/dev/random vs. /dev/urandom

It isn’t an “awful security regression”. That isn’t how the CSPRNG works. Once you initially seed the RNG it is suitable for cryptographic applications — reseeding adds some forward secrecy but isn’t really needed. The premise behind the CSPRNG is that cryptography isn’t broken, and the only applications that require cryptographically secure numbers are cryptography.

Highly suggest you get your information from reputable cryptographers such as Thomas Pornin, Filippo Valsorda, and Daniel J. Bernstein.

That article while intended to argue “pro /dev/urandom” is actually quite eloquent on why not do do that. Quoting from the article:

Since at least the early 2000s, Linux distributions have applied workarounds to ensure proper entropy at boot time, namely that a boot script injects the contents of a saved file upon boot, and immediately proceeds to regenerate the said file with /dev/urandom. In effect, this transports the entropy across reboots, so that even if the boot sequence was not enough, by itself, to generate enough entropy, the file contents would ensure that everything is all right.

Yes, great but we should scrutinize if that is working. Known cases where systemd-random-seed.service approaches (restore from previously saves entropy seed file) don’t work is the first boot, read-only media (Live DVD)

Article goes on…

there are times when the entropy pool is really empty, namely during the early stages of the boot. At that point, the kernel did not obtain many physical events to work on, and it is conceivable that /dev/urandom output could be predicted.

Exactly this is an issue. So, avoid /dev/urandom, use /dev/random and perhaps getrandom(2) (depending on kernel version).

There are now a few extra relevant points to make:

  • Virtual machines are a challenge to entropy gathering, in at least three ways:
    • They provided access to virtual, emulated hardware only. The nice physical events from which entropy is supposed to come (thermal noise, mostly) are then just a simulation, and that which is simulated can, indeed, be simulated.
    • The hypervisor can prevent access to the cycle counter (rdtsc opcode), which will further hinder attempts by the kernel to get entropy from the (not so) physical events.
    • VM snapshots can be taken and replayed at will; each restart from the same snapshot will use the recorded pool contents.

Indeed. We should make sure that such issues are handled as best as possible.

  • A contrario, sufficiently recent CPU have an embedded hardware generator which is totally available from VM (it’s the rdrand opcode on x86 CPU). The Linux kernel uses rdrand. It does not trust rdrand, because NSA (I’m not exaggerating! The kernel source code explicitly calls out the NSA), so it will not count the rdrand output as worth any entropy. But it will still use it. In all edge cases described above (network boot, VM snapshots…), rdrand will by itself ensure that there is enough entropy for all practical purposes.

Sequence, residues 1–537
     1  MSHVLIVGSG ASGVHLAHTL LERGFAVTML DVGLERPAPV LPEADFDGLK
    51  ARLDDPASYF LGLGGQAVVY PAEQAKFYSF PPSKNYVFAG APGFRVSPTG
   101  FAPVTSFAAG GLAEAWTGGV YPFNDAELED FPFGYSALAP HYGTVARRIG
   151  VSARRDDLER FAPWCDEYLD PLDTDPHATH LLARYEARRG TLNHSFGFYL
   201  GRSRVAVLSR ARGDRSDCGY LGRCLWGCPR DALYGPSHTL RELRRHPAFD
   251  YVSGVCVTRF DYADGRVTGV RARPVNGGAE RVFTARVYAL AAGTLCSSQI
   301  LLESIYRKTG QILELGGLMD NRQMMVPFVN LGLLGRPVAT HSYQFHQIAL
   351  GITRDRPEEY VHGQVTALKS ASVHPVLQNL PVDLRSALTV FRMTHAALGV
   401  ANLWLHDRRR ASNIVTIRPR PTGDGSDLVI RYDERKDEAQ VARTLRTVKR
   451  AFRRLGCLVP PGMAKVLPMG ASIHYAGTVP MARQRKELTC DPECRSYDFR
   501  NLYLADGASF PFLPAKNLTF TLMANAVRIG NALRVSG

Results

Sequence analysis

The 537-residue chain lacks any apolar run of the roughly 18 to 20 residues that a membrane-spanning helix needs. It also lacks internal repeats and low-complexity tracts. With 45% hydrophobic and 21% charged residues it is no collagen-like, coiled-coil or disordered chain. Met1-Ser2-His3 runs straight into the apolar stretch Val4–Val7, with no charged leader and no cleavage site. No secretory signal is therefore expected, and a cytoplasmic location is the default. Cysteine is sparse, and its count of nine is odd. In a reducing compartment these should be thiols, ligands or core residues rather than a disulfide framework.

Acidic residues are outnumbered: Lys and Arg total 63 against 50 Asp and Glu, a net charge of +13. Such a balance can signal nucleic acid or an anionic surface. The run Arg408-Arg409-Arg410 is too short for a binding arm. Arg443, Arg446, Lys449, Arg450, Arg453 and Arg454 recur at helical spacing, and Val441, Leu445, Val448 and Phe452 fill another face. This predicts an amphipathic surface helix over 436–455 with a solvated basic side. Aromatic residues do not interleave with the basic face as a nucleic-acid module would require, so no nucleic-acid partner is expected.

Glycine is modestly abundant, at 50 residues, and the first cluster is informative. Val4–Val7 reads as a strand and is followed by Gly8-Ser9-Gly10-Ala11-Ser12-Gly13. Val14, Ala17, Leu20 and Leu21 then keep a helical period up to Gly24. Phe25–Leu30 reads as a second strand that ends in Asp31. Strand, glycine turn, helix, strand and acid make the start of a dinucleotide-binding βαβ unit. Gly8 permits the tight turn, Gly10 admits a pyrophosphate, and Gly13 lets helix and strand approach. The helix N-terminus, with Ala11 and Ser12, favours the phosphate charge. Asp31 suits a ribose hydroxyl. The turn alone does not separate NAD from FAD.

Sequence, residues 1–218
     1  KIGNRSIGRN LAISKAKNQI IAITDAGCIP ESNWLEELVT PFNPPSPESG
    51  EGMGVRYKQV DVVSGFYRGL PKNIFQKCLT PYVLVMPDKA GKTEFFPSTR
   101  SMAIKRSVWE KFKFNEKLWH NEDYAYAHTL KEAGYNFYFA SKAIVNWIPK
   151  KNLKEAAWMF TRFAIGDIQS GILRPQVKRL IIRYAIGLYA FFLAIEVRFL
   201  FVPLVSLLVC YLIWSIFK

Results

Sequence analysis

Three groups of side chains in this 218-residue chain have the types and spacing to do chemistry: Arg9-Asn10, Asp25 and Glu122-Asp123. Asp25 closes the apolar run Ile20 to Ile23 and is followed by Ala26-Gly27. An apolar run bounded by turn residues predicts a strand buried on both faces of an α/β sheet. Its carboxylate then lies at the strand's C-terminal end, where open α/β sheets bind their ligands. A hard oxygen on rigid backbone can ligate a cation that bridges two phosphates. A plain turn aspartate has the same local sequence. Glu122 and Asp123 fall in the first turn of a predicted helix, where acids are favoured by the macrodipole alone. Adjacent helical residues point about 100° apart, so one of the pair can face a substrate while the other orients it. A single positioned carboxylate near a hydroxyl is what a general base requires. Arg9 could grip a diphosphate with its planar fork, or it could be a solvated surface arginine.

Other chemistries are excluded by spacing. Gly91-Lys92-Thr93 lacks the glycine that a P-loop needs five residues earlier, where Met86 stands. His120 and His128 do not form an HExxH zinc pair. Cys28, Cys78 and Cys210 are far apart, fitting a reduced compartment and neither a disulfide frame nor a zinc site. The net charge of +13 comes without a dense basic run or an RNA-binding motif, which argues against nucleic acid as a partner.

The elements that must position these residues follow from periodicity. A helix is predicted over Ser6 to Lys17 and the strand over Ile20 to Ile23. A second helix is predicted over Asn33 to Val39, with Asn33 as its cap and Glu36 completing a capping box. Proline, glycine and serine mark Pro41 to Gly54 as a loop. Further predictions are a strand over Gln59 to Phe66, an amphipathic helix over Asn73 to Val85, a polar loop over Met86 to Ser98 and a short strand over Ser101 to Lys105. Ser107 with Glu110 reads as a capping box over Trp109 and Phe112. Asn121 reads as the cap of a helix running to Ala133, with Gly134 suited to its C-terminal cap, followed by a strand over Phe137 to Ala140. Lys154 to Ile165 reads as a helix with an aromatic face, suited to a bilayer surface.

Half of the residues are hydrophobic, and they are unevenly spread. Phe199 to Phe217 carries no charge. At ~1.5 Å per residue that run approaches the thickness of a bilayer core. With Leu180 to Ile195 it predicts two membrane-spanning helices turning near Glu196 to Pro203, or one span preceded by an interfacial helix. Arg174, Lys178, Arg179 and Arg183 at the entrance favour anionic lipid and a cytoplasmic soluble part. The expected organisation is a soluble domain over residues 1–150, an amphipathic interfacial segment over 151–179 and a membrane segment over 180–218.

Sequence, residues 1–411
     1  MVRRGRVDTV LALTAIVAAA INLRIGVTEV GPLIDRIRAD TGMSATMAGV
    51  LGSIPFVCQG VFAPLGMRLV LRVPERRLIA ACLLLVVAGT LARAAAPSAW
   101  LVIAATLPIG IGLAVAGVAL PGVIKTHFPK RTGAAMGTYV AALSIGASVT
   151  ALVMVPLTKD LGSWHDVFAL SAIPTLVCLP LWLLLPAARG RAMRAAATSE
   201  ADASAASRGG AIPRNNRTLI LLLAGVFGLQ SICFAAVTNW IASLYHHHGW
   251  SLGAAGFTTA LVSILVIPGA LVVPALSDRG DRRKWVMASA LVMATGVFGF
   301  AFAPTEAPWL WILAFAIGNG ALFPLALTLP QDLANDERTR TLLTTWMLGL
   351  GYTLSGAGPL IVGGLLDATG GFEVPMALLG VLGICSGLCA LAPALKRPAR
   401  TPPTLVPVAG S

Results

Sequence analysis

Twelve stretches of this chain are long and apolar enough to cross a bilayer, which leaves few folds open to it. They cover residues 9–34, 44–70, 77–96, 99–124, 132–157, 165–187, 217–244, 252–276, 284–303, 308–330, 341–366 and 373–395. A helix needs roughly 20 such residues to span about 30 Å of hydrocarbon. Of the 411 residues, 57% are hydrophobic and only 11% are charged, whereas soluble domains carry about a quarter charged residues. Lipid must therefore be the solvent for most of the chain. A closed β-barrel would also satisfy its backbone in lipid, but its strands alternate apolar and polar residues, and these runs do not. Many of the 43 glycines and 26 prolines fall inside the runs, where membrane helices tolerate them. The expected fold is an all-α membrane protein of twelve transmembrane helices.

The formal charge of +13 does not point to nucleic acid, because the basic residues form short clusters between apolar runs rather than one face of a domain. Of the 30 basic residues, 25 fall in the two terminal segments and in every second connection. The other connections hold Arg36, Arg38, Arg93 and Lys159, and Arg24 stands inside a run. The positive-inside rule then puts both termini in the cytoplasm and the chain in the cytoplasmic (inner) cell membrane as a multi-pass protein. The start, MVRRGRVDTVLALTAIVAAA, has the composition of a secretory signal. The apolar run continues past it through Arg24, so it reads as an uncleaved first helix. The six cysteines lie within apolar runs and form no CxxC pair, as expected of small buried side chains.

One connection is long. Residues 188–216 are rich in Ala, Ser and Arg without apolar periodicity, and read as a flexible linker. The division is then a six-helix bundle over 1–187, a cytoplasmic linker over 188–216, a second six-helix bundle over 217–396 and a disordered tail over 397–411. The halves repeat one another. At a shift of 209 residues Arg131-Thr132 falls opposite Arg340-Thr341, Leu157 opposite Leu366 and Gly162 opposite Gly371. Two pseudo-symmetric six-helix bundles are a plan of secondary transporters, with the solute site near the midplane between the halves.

The kernel in Debian by default trusts / enables / “credits” entropy by RDRAND by default since Debian buster. I added the reference here: RDRAND

The reference contains links that make the case why RDRAND should not be trusted.

Whonix / security-misc flips the setting to “distrust” RDRAND, disables that entropy from RDRAND are “credited”. In other words, in RDRAND is not “credited” in Whonix. (RDRAND isn’t fully disabled which I am not sure is possible, wasn’t suggested and should not be an issue if the kernel theory holds true that even malicious entropy sources are OK if mixed with legitimate entropy sources).

related forum discussion:
RDRAND - entropy CONFIG_RANDOM_TRUST_CPU yes or no? / rng_core.default_quality

I’ve recently made the argument at Qubes to “distrust” (which means actually just “don’t credit”) RDRAND at Qubes:

Since RDRAND conceptually cannot be the only solution we should look more. → Moar Entropy Sources

the early boot moments we are talking about are before there is any notion of a file; this is really about a single case, which is booting a diskless machine over the network, and mounting the root filesystem from a remote server. The relevant network protocol can need some randomness (e.g. TCP sequence numbers).

I don’t like that.

Should be only done securely and block if necessary blocking by default, or
opt-in, non-blocking, known security risks.

Should be no in between “maybe random, maybe predictable” at any time.

The critical issue is “Once”. If it is conceivable that [random source] output could be predicted in any corner case, that’s an awful security regression.

Entropy quality is a serious issue…

We performed a large-scale study of RSA and DSA cryptographic keys in use on the Internet and discovered that significant numbers of keys are insecure due to insufficient randomness.

Most critically, we found that the Linux random number generator can produce predictable output at boot under certain conditions,

Get information, yes. I am quoting, referencing Filippo Valsorda, Daniel J. Bernstein in /dev/random vs. /dev/urandom and Thomas Pornin in this forum post so was obviously reading their related posts in full. Uncritically do as they say without cross-checking and own considerations, no, because they disagree with each other on some points. Thomas Pornin is uncritical of RDRAND in On Linux’s Random Number Generation – NCC Group Research as quoted earlier in this forum post. On the other hand, “D. J. Bernstein isn’t a fan of RDRAND.


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Excellent news!

Noted in wiki: